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Body Image: How To Overcome Negative Body Talk

In an ideal world, we would all be content with our bodies and wouldn’t feel the need to compare or criticise ourselves (or others) based on physical appearance. Realistically though, it is common to engage in negative body talk and this has almost become normal for men and women especially to openly talk about the dissatisfaction with their physical appearance. Negative body image is something that we all may experience from time to time and has been something I personally have needed to overcome, especially leading up to the summer months.

Body Image

Body image is a complex phenomenon that involves how an individual perceives, thinks and feels about their physical self. Holding a negative body image can affect a person’s sense of well-being and can be related to many mental health conditions including anxiety, depression, social anxiety, body dysmorphic disorder and eating disorders.

Sociocultural Influences

Due to societal expectations of what is considered beautiful or attractive and the media being saturated with particular representations of ‘healthy men & women’ and ‘#fitspo’, it is no surprise that people tend to perceive their bodies negatively and often engage in negative body talk. For example, if you were to search ‘healthy women’ into google images, a particular representation of this would appear that might not include the different body shapes that can also be considered ‘healthy’.

A recent Melbourne study of more than 1100 Australian adults found that women felt worse about their bodies after viewing pictures of super thin models. This is often really hard to escape in today’s society where we are constantly exposed to this particular body image through a range of multiple communication mediums. Both men and women can be negatively affected by viewing these idealised images and can unfortunately cause them to develop unrealistic body expectations that may leave them dissatisfied with their appearance. This dissatisfaction can then result in a negative cycle involving low self-esteem, depression leading to dieting, binge eating or excessively exercising to achieve or maintain these body image ideals.


Body Mass Index (BMI) is the measurement that is commonly used for defining whether a person is underweight, normal weight, overweight or obese. This measurement has however been heavily criticised for being an inaccurate way of measuring a healthy weight range by not taking into account muscle, bone structure or different body shapes. For example, I am 165cm in height, weigh 73kg and a size 12 (average Australian woman size). I exercise 4 times a week and maintain a healthy diet. According to the BMI system, surprisingly, I am considered ‘overweight’. Encouraging individuals to lose weight to fit into this expected normal weight range can be harmful and result in unhealthy lifestyle choices including extreme dieting, substance abuse, over exercising and development of eating disorders.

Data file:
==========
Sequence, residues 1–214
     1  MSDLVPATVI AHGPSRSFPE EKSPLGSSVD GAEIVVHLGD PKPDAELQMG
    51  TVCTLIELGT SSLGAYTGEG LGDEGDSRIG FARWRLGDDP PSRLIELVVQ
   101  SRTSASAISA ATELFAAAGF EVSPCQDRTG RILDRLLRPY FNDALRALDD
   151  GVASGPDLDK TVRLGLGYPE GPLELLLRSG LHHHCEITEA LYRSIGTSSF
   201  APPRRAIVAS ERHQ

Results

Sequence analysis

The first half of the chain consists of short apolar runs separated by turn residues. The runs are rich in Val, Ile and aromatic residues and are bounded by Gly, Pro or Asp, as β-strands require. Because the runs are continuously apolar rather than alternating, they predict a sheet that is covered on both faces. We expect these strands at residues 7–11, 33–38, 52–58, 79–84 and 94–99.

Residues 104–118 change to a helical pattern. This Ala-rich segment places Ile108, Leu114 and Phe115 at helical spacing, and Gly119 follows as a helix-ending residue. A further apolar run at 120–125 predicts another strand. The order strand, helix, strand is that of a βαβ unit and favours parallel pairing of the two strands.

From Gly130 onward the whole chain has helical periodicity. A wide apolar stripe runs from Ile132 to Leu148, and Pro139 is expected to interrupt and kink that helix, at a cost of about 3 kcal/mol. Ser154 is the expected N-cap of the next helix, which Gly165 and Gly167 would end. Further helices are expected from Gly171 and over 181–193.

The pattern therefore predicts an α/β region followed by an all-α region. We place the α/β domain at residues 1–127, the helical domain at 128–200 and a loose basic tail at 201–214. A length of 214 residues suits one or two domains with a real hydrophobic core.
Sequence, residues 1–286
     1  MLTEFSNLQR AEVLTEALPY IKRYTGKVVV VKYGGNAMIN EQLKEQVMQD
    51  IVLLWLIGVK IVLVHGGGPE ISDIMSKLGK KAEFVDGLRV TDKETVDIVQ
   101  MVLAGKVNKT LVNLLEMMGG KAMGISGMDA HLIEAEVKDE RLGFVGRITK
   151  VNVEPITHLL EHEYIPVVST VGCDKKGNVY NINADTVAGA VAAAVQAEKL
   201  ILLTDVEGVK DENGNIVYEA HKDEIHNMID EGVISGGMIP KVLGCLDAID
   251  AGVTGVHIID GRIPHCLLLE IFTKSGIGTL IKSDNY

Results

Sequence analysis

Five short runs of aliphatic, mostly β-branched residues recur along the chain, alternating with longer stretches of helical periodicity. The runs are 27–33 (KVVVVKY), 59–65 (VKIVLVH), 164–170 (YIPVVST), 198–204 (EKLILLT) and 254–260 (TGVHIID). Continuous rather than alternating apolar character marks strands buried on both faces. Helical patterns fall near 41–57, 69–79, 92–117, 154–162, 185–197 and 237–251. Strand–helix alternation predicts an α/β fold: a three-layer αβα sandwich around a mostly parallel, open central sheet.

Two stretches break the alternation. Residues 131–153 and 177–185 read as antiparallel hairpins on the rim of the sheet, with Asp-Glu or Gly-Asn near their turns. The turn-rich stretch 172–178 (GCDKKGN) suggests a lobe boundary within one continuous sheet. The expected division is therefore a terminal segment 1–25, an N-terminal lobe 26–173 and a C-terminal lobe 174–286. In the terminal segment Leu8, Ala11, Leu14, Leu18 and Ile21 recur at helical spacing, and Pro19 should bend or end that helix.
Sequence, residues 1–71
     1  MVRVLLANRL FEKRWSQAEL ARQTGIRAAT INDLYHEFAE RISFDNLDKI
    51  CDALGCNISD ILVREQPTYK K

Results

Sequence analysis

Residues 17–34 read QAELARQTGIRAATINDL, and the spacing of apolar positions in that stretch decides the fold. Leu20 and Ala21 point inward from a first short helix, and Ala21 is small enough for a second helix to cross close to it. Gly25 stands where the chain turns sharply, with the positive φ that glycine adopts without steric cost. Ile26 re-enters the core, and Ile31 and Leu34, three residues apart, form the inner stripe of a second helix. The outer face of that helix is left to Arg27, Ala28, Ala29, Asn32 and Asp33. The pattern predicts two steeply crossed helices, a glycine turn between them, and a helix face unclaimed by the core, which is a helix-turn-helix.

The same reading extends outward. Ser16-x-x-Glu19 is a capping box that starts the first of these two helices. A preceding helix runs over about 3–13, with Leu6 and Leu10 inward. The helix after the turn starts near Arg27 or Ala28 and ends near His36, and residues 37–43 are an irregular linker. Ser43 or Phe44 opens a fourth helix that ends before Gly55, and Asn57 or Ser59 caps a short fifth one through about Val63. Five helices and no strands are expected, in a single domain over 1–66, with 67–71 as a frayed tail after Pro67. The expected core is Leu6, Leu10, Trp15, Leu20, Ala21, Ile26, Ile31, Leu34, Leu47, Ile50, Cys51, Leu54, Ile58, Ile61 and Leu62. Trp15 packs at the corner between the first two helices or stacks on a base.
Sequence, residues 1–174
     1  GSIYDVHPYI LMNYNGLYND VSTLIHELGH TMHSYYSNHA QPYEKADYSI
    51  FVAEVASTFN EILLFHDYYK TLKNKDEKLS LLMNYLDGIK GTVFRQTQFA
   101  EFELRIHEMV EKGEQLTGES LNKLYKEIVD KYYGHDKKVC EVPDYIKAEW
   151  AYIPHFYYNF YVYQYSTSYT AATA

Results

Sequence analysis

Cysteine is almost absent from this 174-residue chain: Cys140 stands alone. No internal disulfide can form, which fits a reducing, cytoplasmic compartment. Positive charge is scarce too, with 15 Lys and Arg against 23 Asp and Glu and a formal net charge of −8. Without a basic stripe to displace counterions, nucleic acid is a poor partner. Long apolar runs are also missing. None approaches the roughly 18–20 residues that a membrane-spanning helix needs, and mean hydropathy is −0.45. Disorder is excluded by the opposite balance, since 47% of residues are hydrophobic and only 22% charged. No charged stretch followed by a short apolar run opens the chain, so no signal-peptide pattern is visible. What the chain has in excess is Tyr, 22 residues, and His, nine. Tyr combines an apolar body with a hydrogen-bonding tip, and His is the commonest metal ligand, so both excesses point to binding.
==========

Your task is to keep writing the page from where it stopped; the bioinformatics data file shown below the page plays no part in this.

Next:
Negative body talk

Even though you may expect only teenage girls to engage in negative body talk and body shaming, it actually exists among various ages, all genders, ethnicities, and body sizes. In a National Institute of Health study, it was found that 25% of males and 90% of females constantly engage in negative body talk. Negative body talk involves voicing concerns or talking negatively about our appearance in relation to weight, body parts or comparing our bodies to others. You would be surprised what is considered negative body talk and how often we may unconsciously engage in it on a day to day basis. Even asking someone if they have lost weight, which is meant in a positive way can be negative as it is reinforcing the stereotypical view that everyone should aspire to be skinny and lose weight.   


How to recognise and avoid negative body talk

Notice your inner critic
Try and be aware and acknowledge when you engage in negative body talk and try to turn down the volume on those negative thoughts and counter them with your strengths even if they are not body related

Avoid body chat
Stop engaging in conversations where you feel the need to talk negatively about yours or other people’s physical appearance

Change your language
In other words; remove the word fat from your vocab

Minimise exposure to idealised images presented in the media
Even though it may be very difficult, try and avoid following pages, magazines, blogs, etc. that emphasise unrealistic body images or engage in negative body talk/fat shaming. Attempt to seek out and follow media that reinforces positive self-image

Drop the comparisons
Try to stop comparing yourself to others or idealised versions of yourself and instead focus on your individuality and strengths

Adopt healthier habits
Find a type of exercise you enjoy and aim to reframe your thinking in a way that you are exercising because you love your body and want to be healthy instead for the sole purpose of losing weight and being skinny or muscular

It is important to recognise and acknowledge when we might be engaging in negative body talk and realise that we do have the power to not engage in it. Hopefully this article will encourage us to think twice before engaging in negative body talk and avoid criticising ourselves and others based on physical appearance as steps to ultimately possess a positive body image. 


“What the average Australian woman’s body looks like”, written by Jen Kelly (Herald Sun)

“Body Mass Index (BMI)”  information (BetterHealth channel)

“Why the Body Mass Index (BMI) is a Poor Measure of Your Health”, written by Peter Janiszewski

“Body talk: use the power of your words to feel great” (Dove self-esteem project)

“How Do I Improve My Body Image?”, written by Mary E. Pritchard (PsychologyToday)


Written by Amelia, ADAVIC Volunteer



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